Why Did the AFT End Its Coca-Cola Boycott?

In October, 2014, the American Federation of Teachers passed a resolution to boycott all Coca-Cola products.

The resolution — “Stop Coca-Cola’s Abuse of Children and Violation of Human Rights” —  called for a boycott of Coca-Cola products based upon a litany of violations of workers’ rights and child labor laws on the part of the company.

Now, just four months after that resolution was passed, the AFT executive committee, has reversed course and passed a resolution ending the boycott.

AFT officials said that the passage of the boycott resolution last year “drew an immediate reaction from the Coca-Cola Company, whose national leadership sought an opportunity to provide the American Federation of Teachers with information on actions taken in recent years to address these concerns.”

As a result of these meetings, the AFT “will collaborate with the Coca-Cola Company in areas where we have a strong mutual interest, such as the elimination of hazardous child labor and advocating for increased educational opportunities for children as the best way to eliminate the poverty that is the root cause of child labor.”

The partnership agreement between AFT and Coca-Cola was signed March 23 by AFT President Randi Weingarten and Ed Potter, Coke’s director of global workplace rights.

Also on hand was former U.S. Secretary of Labor Alexis Herman, who is a member of the Coca-Cola board of directors.

The grassroots movement to push the Coca-Cola boycott resolution was spearheaded by Barbara Bowen, a professor of English at Queens College and the Graduate Center of The City University of New York (CUNY) and current president of the Professional Staff Congress/CUNY. Bowen did not return calls seeking comment.

But the reversal of the boycott did not sit well with the AFT members at the grassroots who were involved in getting the boycott resolution passed. And it did not sit well with other consumer and labor activists.

Sharon Silvio, an AFT union member from Rochester, New York, said she was “very disappointed” in the reversal of the boycott and wanted questions answered about how and why the reversal came about.

NYU Professor Marion Nestle, author of the upcoming Soda Politics: Taking on Big Soda (and Winning) (Oxford University Press, October 2015), said Coca-Cola’s partnership with AFT “is an example of Coke’s typical strategy: partner and buy the silence of the partners on issues of labor rights and health.”

“How much did this cost Coke?” Nestle asked. “Not enough to be worth it, I’ll bet.”

Gary Ruskin of the Oakland, California based U.S. Right to Know said that Coca-Cola “preys on American children and is responsible in part for the epidemic of obesity and type 2 diabetes that afflicts our nation’s children.”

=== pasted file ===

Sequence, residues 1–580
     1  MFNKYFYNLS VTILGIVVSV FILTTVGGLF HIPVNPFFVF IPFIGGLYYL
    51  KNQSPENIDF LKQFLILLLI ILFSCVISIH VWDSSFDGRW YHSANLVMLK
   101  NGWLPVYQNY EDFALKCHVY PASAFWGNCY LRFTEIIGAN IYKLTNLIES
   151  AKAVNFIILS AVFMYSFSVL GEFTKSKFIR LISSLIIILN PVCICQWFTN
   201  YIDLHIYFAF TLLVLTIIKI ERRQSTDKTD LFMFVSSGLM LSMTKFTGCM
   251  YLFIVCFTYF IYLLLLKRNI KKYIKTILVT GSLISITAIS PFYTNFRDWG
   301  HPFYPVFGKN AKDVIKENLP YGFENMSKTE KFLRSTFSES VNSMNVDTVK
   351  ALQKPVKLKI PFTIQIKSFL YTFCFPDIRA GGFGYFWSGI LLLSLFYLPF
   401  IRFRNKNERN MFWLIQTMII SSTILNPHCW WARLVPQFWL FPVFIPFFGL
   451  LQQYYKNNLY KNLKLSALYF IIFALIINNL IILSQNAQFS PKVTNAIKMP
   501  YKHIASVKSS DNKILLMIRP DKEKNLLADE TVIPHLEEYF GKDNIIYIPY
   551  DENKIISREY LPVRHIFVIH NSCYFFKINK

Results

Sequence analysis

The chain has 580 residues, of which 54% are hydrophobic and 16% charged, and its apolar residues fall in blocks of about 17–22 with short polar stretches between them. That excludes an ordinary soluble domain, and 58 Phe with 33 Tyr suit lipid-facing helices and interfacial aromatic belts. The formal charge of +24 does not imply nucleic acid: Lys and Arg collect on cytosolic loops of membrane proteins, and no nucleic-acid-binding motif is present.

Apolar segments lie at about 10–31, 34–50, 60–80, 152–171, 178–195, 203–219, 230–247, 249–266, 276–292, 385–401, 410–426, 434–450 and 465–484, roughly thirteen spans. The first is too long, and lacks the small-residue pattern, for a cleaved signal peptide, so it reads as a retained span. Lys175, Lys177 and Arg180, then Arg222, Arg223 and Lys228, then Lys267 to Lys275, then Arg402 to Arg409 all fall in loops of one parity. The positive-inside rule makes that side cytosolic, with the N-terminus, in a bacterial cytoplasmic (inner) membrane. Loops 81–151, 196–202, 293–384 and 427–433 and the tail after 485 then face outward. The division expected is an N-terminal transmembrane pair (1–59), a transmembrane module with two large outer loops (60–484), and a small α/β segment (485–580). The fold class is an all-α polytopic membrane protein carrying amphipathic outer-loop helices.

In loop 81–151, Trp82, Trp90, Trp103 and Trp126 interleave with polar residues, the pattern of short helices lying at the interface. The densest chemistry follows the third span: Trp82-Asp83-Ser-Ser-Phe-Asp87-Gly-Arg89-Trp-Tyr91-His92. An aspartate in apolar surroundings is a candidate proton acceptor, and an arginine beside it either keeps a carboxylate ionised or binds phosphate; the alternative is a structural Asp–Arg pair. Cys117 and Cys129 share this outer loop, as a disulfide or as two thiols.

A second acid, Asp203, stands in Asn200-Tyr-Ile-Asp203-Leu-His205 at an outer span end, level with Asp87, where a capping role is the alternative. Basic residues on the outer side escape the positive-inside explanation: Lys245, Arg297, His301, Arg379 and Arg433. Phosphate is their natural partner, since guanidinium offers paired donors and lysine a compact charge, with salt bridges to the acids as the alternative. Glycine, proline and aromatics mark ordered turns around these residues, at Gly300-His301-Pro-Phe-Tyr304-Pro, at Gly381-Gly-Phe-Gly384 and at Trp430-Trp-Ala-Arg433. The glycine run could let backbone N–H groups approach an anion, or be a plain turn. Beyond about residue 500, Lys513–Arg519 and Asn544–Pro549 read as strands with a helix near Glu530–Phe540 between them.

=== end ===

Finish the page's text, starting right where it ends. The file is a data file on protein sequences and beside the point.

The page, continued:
“It is not the proper role of the American Federation of Teachers to partner with child predators, such as Coca-Cola,” Ruskin said. “By partnering with a child predator, the AFT’s agreement will undermine the moral authority of teachers nationwide. That is a regrettable outcome for teachers, schools, and especially our children, who deserve so much better from their teachers.”

The labor activist Ray Rogers, director of Corporate Campaign Inc., who was instrumental in getting the boycott resolution passed by the AFT, said that he hoped that Weingarten “at least got a lifetime’s worth of free product for advancing Coca-Cola’s interests over the well being of children.”

“Her actions have helped Coca-Cola promote yet another display of phony compassion for children, while obliterating the hard work of AFT members and local leaders to pass a resolution aimed at holding the company accountable for the use of illegal child labor in the dangerous fields of sugar cane harvesting, and Coke’s well-documented complicity in violence against union leaders in Colombia and Guatemala and the outsourcing of thousands of jobs to low-wage subcontractors,” Rogers said.

Rogers said that CNN’s Kyung Lah’s May 2, 2012 expose on illegal, hazardous child labor in Mindanao portrayed Coca-Cola as one of the main customers of Filipino sugar factories.

One 13-year-old boy, Alvic James, explained that he dropped out of school when he was in the first grade because “his family didn’t have enough money to eat.” Alvic says he wants to learn to read and write but because he is needed in the fields he has “no time to go to school.”

“The most effective way for Coca-Cola to help end illegal child labor in places like the Philippines and El Salvador is not through pointless additional studies, audits and meaningless rhetoric, but to pay sugar processors enough money to pay fair wages to sugar cane harvesters,” Rogers said. “Then these children can live a life free of the plantation fields and be in schools and playgrounds.”

The AFT released a picture of Weingarten sitting beside two of Coca-Cola officials — Ed Potter and Alexis Herman —  in front of  two bottles of Coke, two bottles of Sprite, a can of Diet Coke and a large Coca-Cola canister.

“A question for the 1.6 million teachers and health professionals AFT represents — what message does this photo and Randi Weingarten’s promotion of Coca-Cola send to teachers, parents and health professionals everywhere?” Rogers asked.

“Randi Weingarten should get paid well from Coke’s advertising department as it continues to aggressively market products to children that fuel the childhood obesity, high blood pressure and diabetes epidemics,” Rogers said.

Russell Mokhiber edits Corporate Crime Reporter.

Russell Mokhiber is the editor of the Corporate Crime Reporter..